(ii) any other decision or action of the Attorney General or the Secretary of Homeland Security the authority for which is specified under this subchapter to be in the discretion of the Attorney General or the Secretary of Homeland Security, other than the granting of relief under section 1158(a) of this title.

The crux of the Defendant's argument is that a writ of mandamus does not vest this court with jurisdiction, because Congress has statutorily limited jurisdiction regarding alien status applications. Although they agree that adjudication of adjustment of status applications is mandatory, they argue that the preadjudication process is discretionary and not subject to judicial relief. Reply at 1. Plaintiff counters that although the government may use unlimited discretion when granting or denying an application, there is nothing discretionary about the government's duty to adjudicate an adjustment of status application within a reasonable time frame. Opposition at 2.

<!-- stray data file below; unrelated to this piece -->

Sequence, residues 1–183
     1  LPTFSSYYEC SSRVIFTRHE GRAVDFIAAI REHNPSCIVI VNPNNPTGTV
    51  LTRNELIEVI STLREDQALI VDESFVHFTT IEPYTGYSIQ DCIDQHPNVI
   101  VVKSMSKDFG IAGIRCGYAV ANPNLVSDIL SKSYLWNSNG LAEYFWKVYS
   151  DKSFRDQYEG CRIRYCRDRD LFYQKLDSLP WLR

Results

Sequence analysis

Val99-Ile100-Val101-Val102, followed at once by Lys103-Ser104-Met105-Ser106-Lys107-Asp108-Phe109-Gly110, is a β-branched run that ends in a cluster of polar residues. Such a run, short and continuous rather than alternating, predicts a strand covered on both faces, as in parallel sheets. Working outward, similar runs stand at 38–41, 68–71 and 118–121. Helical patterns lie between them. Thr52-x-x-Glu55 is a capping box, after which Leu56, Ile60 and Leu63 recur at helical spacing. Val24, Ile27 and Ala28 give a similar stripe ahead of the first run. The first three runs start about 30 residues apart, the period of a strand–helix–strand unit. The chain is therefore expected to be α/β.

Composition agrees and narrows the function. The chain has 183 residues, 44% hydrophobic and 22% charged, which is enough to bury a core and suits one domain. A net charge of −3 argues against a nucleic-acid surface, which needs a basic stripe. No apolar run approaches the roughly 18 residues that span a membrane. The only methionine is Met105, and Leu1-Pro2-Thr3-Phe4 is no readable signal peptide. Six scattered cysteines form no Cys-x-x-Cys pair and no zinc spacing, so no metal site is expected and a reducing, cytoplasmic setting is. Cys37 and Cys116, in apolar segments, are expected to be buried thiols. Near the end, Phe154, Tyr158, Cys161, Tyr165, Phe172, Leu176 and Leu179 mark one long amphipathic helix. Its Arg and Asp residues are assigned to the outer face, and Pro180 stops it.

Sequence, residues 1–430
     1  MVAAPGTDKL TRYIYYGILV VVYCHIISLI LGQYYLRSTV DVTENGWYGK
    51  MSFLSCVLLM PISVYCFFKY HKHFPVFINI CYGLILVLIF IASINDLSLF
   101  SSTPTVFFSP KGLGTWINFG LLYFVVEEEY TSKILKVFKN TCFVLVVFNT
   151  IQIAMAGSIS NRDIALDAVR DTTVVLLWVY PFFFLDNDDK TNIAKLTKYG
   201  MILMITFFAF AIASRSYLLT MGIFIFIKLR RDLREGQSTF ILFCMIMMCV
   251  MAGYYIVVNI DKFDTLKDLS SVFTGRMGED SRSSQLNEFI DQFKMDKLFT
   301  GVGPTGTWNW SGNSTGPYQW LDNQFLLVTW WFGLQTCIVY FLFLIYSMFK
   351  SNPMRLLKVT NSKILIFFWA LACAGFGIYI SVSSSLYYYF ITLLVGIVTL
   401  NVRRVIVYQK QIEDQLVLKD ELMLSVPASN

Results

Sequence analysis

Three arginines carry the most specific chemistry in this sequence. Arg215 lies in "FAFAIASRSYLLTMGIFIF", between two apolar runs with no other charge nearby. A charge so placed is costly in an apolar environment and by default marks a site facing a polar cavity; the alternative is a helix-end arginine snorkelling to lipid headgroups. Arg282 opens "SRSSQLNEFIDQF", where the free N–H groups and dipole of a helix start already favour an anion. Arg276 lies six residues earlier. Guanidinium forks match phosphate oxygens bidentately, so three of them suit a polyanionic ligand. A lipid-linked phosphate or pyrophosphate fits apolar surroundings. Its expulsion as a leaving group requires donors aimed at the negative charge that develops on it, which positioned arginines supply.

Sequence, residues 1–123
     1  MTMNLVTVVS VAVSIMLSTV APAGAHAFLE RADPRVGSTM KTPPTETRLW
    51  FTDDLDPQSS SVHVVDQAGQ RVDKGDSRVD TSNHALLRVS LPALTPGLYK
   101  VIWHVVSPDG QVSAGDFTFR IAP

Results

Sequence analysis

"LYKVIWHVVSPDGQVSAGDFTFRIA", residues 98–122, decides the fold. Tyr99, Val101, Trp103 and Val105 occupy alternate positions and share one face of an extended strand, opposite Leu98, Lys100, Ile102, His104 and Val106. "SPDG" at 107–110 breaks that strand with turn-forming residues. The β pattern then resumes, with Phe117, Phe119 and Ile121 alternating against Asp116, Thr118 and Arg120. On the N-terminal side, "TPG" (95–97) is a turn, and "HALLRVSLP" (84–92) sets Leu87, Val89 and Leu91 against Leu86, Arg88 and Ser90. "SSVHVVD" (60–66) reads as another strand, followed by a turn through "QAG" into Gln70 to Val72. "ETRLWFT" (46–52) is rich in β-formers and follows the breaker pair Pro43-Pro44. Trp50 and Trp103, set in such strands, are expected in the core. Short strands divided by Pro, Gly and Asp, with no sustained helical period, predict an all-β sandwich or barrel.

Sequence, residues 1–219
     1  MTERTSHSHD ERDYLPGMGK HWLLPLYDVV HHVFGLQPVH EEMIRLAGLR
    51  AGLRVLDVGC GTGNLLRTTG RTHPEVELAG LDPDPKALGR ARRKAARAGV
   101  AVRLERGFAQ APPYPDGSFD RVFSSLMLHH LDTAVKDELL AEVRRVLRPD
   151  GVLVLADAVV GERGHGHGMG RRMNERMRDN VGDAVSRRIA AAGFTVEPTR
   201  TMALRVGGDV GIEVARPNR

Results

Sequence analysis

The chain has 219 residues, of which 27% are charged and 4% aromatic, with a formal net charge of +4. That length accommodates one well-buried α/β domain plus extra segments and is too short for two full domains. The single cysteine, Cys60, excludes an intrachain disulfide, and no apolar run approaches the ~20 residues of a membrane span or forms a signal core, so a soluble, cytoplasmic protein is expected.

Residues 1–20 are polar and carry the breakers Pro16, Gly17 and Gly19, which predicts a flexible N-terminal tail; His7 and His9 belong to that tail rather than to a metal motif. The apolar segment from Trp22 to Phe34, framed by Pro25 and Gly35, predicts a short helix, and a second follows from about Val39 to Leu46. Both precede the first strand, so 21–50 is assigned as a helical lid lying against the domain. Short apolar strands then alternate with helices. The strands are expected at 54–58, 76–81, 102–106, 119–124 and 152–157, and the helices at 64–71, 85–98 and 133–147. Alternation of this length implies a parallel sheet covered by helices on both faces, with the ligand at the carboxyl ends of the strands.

There is no Ninth Circuit authority addressing this issue. However, some district courts have concluded that the pace that USCIS adjudicates an adjustment of status application is discretionary, and therefore district courts should not consider whether USCIS is adjudicating an adjustment of status application at a reasonable pace under § 1361. See, e.g., Grinberg v. Swacina, 478 F.Supp.2d 1350, 1352 (S.D. Fla. 2007) ("Sections 242 and 245 of the Immigration and Nationality Act . . . preclude judicial review of any discretionary "decision or action" of the Attorney General in immigration matters includ[ing] the pace at which immigration decisions are made."); Safadi v. Howard, 466 F.Supp.2d 696, 698-700 (E.D. Va. 2006) (§ 1255(a) vests USCIS with discretion over the entire process of adjustment application adjudication, and § 1252(a)(2)(B)(ii) precludes judicial review of any "action," meaning any act or series of acts, included the pace at which that action proceeds, and therefore no jurisdiction under § 1361); Zheng v. Reno, 166 F.Supp.2d 875, 880-81 (S.D.N.Y. 2001) ("Matters within the INS's discretion are not reviewable under the mandamus statute. Thus, courts in this district have repeatedly held that mandamus relief is unavailable for delays in the adjustment process.").